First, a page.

Manoj Mitta of ToI has unearthed some seriously damaging stuff: plagiarism in a book co-authored by Mashelkar. The book -- Intellectual Property and Competitive Strategies in the 21st Century -- was published in 2004.
... [The book] bore striking similarities with a 1996 paper (see table) brought out by a British IP expert, Graham Dutfield, who took objection to it as he was given no credit.
What's more, those similarities are in a chapter dealing with traditional knowledge, an aspect of intellectual property that Mashelkar himself is said to have worked on extensively to protect India's heritage during his 11-year tenure as head of Council of Scientific and Industrial Research.
Mitta interviewed Graham Dutfield; in his version of this story, he was told (not by Mashelkar, but by his coauthor Shahid Alikhan) that "the actual plagiarism was done not by Mashelkar but by one of his researchers." In other words, some parts of the book were ghost-written.
Mitta's story ends with these quotes from Dutfield:
Dutfield on his part is disappointed that Mashelkar himself never bothered to call and acknowledge the violation of his copyright. "I guess, I was not important enough to Mashelkar, or this issue was not deemed important enough for him to apologise to me directly".
Given his own experience, how does he see the controversy surrounding the withdrawal of the latest Mashelkar committee report?
Dutfield said: "I don't want to brand Mashelkar as a plagiarist, at least until there is more evidence than we have. But what I would say is that he is sloppy and irresponsible in the sense of using ghost writers to do his work for him, not checking what is published in his name, and of then blaming these people when it goes wrong".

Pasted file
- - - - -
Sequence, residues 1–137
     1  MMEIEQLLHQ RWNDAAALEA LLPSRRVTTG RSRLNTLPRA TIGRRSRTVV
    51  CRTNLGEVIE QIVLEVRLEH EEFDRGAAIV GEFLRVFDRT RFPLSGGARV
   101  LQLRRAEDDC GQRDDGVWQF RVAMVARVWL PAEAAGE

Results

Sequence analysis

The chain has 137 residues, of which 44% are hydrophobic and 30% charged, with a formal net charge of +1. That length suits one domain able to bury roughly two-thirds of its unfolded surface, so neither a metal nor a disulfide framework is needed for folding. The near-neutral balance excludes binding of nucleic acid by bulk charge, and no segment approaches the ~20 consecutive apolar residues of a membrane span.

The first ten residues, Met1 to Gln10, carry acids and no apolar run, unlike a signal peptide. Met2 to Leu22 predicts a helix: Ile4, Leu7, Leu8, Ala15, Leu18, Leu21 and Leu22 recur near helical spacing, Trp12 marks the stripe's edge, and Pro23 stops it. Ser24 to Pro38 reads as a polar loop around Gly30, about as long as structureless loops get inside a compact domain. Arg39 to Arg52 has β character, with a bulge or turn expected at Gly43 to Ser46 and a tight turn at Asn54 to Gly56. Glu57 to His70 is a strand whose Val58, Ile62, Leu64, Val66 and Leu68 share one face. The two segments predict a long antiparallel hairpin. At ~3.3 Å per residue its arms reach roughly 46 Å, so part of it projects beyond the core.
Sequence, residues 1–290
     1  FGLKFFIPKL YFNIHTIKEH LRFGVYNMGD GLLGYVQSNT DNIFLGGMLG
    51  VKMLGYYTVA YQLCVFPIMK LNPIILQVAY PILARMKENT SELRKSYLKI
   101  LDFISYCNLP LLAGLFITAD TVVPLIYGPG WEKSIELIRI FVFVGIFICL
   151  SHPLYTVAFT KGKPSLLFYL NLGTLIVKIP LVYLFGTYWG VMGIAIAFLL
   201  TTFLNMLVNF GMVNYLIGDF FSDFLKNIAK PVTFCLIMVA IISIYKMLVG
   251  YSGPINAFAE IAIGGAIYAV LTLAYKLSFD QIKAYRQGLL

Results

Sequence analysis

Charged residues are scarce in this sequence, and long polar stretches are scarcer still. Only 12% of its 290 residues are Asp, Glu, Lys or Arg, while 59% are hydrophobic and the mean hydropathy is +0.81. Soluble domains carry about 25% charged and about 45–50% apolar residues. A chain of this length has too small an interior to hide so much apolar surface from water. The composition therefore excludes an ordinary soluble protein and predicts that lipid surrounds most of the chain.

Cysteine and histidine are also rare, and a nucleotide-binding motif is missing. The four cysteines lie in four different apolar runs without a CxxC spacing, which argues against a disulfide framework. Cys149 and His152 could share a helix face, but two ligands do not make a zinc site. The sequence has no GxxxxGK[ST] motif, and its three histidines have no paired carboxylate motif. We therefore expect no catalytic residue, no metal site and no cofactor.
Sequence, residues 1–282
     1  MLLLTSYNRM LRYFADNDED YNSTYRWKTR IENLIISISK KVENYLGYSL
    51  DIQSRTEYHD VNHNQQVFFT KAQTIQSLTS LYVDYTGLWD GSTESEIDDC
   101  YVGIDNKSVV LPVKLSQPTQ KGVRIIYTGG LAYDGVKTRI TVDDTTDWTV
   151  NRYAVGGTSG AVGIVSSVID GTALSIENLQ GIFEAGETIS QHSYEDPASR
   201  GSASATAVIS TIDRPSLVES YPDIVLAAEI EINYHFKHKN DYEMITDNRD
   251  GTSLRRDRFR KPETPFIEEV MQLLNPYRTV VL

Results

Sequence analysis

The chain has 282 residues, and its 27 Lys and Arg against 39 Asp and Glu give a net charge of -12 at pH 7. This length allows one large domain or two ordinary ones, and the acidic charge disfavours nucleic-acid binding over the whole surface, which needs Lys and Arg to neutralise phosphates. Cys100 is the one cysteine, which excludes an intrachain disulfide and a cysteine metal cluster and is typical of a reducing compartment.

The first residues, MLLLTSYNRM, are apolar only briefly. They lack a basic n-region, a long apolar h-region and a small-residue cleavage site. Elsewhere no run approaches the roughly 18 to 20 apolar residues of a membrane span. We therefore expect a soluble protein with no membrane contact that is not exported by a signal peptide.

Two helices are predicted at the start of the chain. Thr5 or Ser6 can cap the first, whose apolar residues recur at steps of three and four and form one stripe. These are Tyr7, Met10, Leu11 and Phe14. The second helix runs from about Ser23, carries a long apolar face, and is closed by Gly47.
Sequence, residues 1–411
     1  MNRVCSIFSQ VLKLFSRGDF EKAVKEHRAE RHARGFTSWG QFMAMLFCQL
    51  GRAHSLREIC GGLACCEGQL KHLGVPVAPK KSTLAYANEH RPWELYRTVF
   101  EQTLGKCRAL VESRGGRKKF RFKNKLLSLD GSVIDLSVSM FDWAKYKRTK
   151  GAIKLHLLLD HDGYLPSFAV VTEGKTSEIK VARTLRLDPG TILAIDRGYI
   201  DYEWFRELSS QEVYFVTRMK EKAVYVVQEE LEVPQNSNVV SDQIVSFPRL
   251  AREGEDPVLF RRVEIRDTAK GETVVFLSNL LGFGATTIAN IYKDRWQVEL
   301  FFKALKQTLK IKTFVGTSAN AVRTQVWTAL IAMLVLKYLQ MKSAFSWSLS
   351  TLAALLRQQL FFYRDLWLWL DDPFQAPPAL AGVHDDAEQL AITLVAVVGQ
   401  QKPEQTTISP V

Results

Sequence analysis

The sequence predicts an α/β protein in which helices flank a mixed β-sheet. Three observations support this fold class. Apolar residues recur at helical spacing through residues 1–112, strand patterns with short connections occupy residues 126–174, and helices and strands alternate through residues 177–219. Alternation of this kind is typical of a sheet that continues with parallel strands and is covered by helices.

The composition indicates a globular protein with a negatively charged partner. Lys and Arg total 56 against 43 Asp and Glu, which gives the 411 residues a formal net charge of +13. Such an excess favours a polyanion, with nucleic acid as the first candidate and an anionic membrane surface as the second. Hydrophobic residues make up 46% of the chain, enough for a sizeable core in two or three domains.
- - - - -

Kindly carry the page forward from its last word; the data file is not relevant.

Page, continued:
Graham Dutfield's web page is here. And I also found a blog post about a recent debate on pharmaceutical IPRs; the debate covers, among other things, Novartis' on-going lawsuit against certain provisions in India's patent laws as well as the controversial report of the Mashelkar panel. Interestingly, Dutfield was one of the participants in the debate, and here is a curious little piece of trivia:
Noehrenberg cited a new report from India referred to as the Mashelkar report (named for a controversial Indian scientist who headed it) that purported to lend support to the importance of the patent system for developing countries. That report was withdrawn last week by the author for technical errors and plagiarism. Dutfield said the researcher who identified the plagiarism was one of his students. [bold emphasis added]
It's a small world, isn't it?